Finally, although most conceptual models of the dying process and bereavement are dynamic, such as the stage theory of dying (Kubler-Ross 1969), most empirical studies still rely on single point-in-time evaluations that retrospectively recall the dying and bereavement process. In the future, the research agenda may focus increasingly on positive aspects of dying, including psychological resilience in the face of loss, and the characteristics of and pathways to a ‘‘good death.’’ Important research goals include pinpointing modifiable factors of social contexts and relationships that may help ensure a smooth transition to death and bereavement. Early theories of loss proposed that persons who were not depressed following the loss of a loved one were ‘‘pathological.’’ Researchers now are documenting that the non-depressed bereaved may experience ‘‘resilience’’ rather than pathological ‘‘absent grief ’’ (Bonanno 2004). Research on the ‘‘good death’’ also is accumulating. A good death is characterized as one where medical treatments minimize avoidable pain and match patients’ and family members’ preferences. A ‘‘good death’’ also encompasses important social, psychological, and philosophical elements, such as accepting one’s impending death and not feeling like a burden to loved ones.

However, as norms for the ‘‘good death’’ are solidified, a fruitful line of inquiry may be the consequences for bereaved family members and health care providers when a death occurs under conditions that fail to meet the widely accepted ideal. Failure to achieve the ‘‘good death’’ may reflect enduring social and structural obstacles. For example, family member (or caregiver) involvement is essential to a patient’s participation in hospice; few studies have explored the extent to which unmarried or 975 childless people rely on hospice. Such inquiries may further reveal the ways that the experience of death reflects persistent social inequalities.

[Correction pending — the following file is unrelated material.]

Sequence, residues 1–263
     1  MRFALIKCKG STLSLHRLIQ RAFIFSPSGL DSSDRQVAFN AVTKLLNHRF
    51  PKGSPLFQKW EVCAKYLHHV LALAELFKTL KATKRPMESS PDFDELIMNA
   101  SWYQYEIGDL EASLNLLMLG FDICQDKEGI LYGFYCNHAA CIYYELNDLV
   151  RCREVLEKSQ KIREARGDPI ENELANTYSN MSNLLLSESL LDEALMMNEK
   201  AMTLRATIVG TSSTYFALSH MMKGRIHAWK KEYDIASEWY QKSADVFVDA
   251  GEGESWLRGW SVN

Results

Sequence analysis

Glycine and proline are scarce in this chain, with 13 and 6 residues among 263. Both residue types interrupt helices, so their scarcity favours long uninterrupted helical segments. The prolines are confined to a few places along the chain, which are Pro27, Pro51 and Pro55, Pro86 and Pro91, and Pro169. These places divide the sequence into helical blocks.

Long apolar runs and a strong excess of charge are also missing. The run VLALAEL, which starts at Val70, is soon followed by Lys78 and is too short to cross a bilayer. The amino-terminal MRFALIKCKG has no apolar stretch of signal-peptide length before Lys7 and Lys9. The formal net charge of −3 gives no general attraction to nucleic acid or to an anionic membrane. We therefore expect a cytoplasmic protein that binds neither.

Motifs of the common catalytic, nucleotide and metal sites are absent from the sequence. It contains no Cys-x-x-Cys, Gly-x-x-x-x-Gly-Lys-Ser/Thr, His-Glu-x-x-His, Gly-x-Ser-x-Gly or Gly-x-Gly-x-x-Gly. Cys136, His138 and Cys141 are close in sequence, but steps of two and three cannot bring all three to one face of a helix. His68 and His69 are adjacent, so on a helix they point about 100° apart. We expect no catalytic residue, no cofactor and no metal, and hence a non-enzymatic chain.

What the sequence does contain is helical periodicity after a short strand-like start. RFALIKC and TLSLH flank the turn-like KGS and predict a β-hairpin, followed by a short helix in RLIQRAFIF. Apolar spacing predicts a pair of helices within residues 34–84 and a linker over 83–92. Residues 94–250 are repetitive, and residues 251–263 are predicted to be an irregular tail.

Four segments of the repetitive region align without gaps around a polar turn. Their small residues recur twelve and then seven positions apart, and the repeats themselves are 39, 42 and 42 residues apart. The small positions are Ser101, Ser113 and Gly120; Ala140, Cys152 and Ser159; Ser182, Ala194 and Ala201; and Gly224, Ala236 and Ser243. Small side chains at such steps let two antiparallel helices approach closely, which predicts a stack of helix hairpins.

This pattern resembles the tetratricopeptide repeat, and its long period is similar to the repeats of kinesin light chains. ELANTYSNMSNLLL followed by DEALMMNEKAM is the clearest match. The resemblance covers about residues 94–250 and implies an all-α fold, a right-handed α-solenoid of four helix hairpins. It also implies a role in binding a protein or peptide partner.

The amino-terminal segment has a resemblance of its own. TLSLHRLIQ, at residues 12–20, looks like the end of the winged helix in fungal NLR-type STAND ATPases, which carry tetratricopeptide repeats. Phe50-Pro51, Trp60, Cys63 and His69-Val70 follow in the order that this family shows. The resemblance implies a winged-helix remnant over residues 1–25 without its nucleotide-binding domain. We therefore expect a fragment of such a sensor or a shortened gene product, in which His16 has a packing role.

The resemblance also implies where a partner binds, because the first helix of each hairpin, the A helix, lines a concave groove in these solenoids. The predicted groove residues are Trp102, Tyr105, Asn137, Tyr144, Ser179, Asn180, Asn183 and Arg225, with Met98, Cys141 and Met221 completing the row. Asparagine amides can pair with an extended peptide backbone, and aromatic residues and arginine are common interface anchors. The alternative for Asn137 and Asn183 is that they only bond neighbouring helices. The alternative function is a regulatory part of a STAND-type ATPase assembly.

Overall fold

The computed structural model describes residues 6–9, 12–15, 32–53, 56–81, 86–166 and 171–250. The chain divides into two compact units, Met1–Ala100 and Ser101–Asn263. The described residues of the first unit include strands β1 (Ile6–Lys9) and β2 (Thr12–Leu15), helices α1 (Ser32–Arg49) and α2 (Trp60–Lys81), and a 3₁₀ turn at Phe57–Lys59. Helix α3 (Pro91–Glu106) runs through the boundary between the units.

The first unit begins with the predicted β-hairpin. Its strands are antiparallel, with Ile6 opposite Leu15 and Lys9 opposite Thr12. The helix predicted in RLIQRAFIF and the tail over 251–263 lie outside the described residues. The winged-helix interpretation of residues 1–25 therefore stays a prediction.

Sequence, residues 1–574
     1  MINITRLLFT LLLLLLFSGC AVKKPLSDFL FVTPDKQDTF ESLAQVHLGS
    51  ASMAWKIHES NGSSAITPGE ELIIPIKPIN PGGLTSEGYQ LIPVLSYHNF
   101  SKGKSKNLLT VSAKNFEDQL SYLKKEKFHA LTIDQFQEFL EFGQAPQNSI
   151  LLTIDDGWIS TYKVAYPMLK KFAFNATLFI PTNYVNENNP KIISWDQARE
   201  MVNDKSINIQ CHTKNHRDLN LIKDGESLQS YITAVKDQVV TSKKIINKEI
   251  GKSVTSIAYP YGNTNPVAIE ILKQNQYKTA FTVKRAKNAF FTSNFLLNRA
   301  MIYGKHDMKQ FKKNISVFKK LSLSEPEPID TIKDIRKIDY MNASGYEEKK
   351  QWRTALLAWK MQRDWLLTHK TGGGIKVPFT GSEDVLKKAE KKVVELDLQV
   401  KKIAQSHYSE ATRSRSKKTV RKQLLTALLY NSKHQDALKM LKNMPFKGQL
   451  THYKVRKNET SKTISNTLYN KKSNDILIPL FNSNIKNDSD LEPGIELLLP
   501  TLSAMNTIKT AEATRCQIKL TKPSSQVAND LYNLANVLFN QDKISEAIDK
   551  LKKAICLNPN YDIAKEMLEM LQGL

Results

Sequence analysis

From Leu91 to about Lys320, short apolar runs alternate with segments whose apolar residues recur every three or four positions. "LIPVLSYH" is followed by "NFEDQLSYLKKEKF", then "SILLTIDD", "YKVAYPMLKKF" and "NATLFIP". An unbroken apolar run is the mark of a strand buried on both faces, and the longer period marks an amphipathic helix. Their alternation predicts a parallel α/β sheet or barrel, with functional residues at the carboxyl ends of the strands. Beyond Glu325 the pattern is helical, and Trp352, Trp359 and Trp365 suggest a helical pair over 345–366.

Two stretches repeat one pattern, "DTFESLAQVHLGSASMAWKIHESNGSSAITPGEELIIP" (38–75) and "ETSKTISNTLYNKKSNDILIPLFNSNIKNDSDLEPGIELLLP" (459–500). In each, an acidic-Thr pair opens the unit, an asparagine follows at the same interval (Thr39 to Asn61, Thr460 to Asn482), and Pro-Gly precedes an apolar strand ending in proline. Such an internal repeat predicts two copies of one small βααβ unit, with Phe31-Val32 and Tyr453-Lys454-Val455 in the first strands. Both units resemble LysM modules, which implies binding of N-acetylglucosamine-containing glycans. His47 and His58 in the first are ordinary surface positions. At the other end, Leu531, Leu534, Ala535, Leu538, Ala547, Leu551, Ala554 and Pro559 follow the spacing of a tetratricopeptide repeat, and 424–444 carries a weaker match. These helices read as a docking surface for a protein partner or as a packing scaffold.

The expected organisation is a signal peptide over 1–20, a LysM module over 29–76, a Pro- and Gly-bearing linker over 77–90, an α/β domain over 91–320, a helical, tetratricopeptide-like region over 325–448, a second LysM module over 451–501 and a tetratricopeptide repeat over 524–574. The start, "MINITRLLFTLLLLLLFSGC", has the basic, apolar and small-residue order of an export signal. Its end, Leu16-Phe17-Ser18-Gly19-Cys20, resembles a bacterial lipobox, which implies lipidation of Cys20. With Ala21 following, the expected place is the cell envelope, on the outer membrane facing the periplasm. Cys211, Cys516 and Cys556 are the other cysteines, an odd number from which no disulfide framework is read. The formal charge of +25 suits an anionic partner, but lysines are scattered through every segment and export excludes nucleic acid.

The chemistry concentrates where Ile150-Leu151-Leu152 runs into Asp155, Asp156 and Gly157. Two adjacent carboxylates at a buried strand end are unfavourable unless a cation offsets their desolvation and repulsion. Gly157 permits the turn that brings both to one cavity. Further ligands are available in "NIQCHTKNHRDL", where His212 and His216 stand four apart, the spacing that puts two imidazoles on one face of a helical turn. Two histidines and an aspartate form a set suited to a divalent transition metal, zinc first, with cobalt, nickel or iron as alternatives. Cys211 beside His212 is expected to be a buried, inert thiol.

SEE ALSO: Aging, Sociology of; Disease, Social Causation; Euthanasia; Gender, Health, and Mortality; Healthy Life Expectancy; Medicine, Sociology of; Mortality: Transitions and Measures; Social Epidemiology; Suicide; Widowhood REFERENCES AND SUGGESTED READINGS ` Aries, P. (1981) The Hour of Our Death. Trans. H. Weaver. Alfred A. Knopf, New York. Blauner, R. (1966) Death and Social Structure. Psychiatry 29: 378–94. Bonanno, G. A. (2004) Loss, Trauma, and Human Resilience: Have We Underestimated the Human Capacity to Thrive After Extremely Aversive Events?’’ American Psychologist 59: 20–8. Bryant, C. D. (Ed.) (2003) Handbook of Death and Dying. Sage, Thousand Oaks, CA. Christakis, N. A. (1999) Death Foretold: Prophecy and Prognosis in Medical Care. University of Chicago Press, Chicago. Faunce, W. A. & Fulton, R. L. (1958) The Sociology of Death: A Neglected Area in Sociological Research. Social Forces 36: 205–9. Feifel, H. (Ed.) (1977) New Meanings of Death. McGraw-Hill, New York. Feifel, H. (1990) Psychology and Death: Meaningful Rediscovery. American Psychologist 45: 537–43. Fulton, R. (1965) Death and Identity. Wiley, New York. George, L. K. (2002) Research Design in End-ofLife Research: State of the Science. Gerontologist 42 (special issue): 86–98. Glaser, B. G. & Straus, A. L. (1965) Awareness of Dying. Aldine, New York. Glaser, B. G. & Straus, A. L. (1968) Time for Dying. Aldine, Chicago. Gorer, G. (1955) Death, Grief, and Mourning. Doubleday, Garden City, NY. Kubler-Ross, E. (1969) On Death and Dying. Macmillan, New York. Marshall, V. (1980) Last Chapters: A Sociology of Aging and Dying. Brooks/Cole, Monterey, CA. Omran, A. R. (1971) The Epidemiologic Transition: A Theory of the Epidemiology of Population Change. Milbank Memorial Fund Quarterly 29: 509–38. Schneidman, E. (1995) Voices of Death. Kodansha International, New York.